New book review available! I’ve enjoyed KK.com for a while, and finally finished this longer work on the verbs that HUMANS will be doing in our new digital age. I’m having a little trouble with YouTube Live, so there’s a delay in posting, but I have a third book review video hopefully processing now on Little Book of Conflict Transformation by John Paul Lederach. I’m also in the process of reading Blink by Malcolm Gladwell, and Laudato Si by Pope Francis.
Please support this read-a-thon by subscribing to the YouTube playlist and sending a donation to Henderson Library Association, 54 E Jefferson St, Jefferson, OH 44047.
Here’s a closer look at common adult education program structures (and why I think blended learning is the best):
Business as Usual: Face-to-face Instruction
No matter your student population, some teachers are all about classic face-to-face group instruction:
and now many students ignoring it all in lieu of cell phones…
Okay, Ferris Bueller is a super exaggeration. I mean, I have seen some really excellent group instruction: engaging, interactive, relevant. But… it’s still face-to-face group instruction.
“What’s wrong with business as usual?” you ask.
Well…if you miss a day, you’re behind. Or you show up, but you don’t understand it, you’re behind. Guess what? Most at-risk students already start BEHIND!
Actually, the truth is that a slim majority of high school students actually pass with business a usual. At least, they graduate.
But I’m not worried about “most students,” and neither are you. We’re worried about the ones who didn’t get it the first time, the ones who fall through the cracks.
What alternative programs do high schools or adult education classes offer for the large minority of students who do not succeed in traditional face-to-face group instruction? How do they stack up against
Worst Outcomes: Self-Paced Online Learning
A few years back, some members of the educational press were crowing that MOOCs (Massive Open Online Courses) were going to be The Golden Ticket that was going to FIX education!
As predicted, MOOCs did not fix business as usual… follow up studies showed that only 10% of students who enrolled completed a MOOC.
These outcomes could be improved by adding elements of faciliated coursework. But that required removing the Massive and Open parts of a MOOC. Then it’s just an OC (online course), and stops being entirely self-paced.
The high school where I worked fell into a similar trap as MOOCs. The district offered online learning for students with barriers:
teens who had babies,
were ill for extended periods, or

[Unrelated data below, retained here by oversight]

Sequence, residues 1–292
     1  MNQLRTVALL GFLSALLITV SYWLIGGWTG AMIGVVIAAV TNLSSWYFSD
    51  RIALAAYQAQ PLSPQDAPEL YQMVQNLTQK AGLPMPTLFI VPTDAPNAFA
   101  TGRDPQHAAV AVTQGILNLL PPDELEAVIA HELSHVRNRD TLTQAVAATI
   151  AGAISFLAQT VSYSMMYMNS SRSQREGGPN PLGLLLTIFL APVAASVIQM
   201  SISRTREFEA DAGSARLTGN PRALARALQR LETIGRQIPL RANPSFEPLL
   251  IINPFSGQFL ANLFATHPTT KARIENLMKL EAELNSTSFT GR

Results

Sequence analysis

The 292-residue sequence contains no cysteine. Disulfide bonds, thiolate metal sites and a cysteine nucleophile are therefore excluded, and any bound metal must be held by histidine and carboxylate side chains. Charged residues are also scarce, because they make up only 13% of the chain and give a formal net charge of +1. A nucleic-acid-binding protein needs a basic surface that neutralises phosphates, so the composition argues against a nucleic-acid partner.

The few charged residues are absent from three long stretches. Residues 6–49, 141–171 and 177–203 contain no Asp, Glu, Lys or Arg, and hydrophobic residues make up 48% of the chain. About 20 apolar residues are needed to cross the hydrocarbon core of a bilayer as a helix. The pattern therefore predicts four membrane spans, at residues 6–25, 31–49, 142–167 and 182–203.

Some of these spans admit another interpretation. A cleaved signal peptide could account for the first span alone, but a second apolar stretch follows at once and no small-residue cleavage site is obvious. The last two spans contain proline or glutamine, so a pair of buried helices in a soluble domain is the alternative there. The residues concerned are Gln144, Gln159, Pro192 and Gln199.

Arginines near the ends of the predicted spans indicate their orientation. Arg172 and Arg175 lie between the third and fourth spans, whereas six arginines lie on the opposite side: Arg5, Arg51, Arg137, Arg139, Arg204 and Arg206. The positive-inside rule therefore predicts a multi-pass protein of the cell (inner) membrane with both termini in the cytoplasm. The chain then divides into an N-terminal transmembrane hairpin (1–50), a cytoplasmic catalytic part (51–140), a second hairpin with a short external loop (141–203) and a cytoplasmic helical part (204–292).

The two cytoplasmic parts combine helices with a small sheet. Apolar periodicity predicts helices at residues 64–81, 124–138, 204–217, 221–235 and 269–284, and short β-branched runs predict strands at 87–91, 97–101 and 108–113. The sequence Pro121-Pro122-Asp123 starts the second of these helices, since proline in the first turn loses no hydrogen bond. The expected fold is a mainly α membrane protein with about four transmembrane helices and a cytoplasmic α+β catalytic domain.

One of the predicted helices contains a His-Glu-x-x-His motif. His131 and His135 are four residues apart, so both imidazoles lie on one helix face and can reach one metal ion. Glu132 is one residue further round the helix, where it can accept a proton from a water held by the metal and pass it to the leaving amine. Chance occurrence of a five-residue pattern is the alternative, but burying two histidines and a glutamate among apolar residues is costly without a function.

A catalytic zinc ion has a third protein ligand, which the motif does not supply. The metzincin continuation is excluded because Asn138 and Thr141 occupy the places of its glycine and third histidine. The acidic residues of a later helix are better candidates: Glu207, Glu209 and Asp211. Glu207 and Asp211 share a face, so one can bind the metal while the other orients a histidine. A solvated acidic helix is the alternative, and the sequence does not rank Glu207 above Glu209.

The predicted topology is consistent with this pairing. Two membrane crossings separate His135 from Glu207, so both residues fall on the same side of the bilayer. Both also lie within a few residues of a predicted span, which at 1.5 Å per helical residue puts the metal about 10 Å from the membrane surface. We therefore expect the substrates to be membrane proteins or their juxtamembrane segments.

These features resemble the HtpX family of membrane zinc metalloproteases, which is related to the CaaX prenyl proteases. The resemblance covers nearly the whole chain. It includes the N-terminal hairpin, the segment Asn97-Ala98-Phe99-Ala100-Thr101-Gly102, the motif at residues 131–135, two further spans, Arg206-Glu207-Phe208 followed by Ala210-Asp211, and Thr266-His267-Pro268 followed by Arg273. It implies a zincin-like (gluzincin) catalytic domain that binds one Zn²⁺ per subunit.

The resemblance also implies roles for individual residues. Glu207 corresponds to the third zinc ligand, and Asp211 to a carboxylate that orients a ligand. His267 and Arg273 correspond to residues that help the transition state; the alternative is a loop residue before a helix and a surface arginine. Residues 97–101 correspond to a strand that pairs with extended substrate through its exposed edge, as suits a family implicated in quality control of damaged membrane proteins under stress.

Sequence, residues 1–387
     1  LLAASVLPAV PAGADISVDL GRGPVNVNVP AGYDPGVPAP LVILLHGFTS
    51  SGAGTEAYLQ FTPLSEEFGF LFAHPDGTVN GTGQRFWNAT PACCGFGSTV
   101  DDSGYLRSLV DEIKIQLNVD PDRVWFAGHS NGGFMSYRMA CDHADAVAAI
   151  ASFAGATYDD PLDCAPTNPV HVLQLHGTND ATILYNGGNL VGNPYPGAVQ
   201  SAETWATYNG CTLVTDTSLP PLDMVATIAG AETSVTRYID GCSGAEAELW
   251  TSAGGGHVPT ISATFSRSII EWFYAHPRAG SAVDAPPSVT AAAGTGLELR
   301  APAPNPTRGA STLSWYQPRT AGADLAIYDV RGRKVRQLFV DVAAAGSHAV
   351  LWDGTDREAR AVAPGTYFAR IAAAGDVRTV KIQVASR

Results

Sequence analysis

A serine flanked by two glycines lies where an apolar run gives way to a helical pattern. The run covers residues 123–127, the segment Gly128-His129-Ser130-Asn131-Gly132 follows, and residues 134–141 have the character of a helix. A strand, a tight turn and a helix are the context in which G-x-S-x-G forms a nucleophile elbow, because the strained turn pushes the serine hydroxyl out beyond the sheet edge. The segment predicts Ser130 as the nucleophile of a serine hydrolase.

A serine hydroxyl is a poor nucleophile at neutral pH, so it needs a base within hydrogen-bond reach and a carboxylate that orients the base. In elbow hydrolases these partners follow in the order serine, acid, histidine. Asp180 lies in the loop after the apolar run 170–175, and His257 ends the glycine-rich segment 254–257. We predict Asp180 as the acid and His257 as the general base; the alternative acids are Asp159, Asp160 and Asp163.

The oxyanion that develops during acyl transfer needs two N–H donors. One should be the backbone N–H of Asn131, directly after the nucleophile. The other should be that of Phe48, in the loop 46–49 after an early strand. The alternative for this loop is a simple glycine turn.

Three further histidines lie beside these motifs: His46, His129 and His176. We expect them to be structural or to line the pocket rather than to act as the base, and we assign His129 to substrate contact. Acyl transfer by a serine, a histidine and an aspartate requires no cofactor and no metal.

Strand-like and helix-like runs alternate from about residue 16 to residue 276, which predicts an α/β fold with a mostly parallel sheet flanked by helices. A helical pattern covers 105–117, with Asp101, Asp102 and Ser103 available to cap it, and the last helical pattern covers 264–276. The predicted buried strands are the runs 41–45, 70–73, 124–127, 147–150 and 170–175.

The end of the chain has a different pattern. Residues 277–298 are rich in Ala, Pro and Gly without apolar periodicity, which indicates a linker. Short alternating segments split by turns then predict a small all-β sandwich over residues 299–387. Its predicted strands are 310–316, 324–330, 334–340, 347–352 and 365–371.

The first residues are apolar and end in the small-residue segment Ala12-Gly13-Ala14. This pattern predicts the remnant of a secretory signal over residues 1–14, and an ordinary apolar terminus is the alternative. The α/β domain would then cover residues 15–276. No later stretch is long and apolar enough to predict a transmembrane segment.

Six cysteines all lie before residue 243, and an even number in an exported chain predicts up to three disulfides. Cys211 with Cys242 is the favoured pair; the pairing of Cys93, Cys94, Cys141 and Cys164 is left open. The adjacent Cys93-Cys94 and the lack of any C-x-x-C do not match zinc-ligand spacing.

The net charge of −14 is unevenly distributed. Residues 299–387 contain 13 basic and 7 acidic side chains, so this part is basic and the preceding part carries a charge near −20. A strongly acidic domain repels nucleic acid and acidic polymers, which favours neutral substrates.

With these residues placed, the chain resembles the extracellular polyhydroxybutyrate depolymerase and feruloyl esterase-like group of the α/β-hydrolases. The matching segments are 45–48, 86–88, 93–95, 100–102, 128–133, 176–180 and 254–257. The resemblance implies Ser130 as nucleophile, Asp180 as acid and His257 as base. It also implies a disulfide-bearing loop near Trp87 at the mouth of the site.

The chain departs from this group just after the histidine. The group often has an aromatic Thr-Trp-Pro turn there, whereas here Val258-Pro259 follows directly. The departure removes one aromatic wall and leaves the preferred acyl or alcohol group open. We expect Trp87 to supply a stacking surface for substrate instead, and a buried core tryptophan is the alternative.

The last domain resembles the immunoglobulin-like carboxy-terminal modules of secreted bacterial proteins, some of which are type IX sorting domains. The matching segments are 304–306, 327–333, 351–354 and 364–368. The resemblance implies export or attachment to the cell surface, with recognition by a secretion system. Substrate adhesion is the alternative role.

their behavior was too disruptive.
Most of the at-risk online students didn’t have the discipline to complete their coursework. For the 10% of motivated, self-paced learners, online learning is critical.
But purely online learning needs additional support, not less than traditional teaching. It works well for traveling artists & athletes, not discipline cases.
Moderate Success: Dual Enrollment
With the merger of workforce development and adult basic education through WIOA, career pathways are all the rage.
Dual enrollment combines high school level study with post-secondary credentials.
Technical training, classes at a local college campus, and supervised work-study tend to help students persist in learning, and give them a head start on productive careers.
There are plenty of data backing up the effectiveness of these programs for those who enroll.
So why aren’t they top on my list?
These approaches are not scalable because enrollment is limited.
And limited enrollment is a good thing! Specialized technical training is not for everyone, especially when we’re preparing people for jobs that won’t exist a decade from now.
On top of that, the students with the most barriers–OUR adult basic education students–are often the least likely to benefit from highly structured programs.
Best Solution: Blended Learning
What can we do?
How can we consistently improve outcomes for adult education or alternative high school programs?
How do we reach the at-risk adults and teens who lack:
the stability for dual enrollment programs,
the discipline for self-paced online learning, and
the attention span for face-to-face instruction?
We throw in a mix of each with blended learning!
Blended learning combines face-to-face, instructor-led programs with self-paced student use of technology.
Multiple pathways are accessible for students in the same building. Through online learning, students can engage the world… while maintaining the support and continuity of instructor oversight.
Vulnerable students of all ages need genuine human connection to successfully graduate.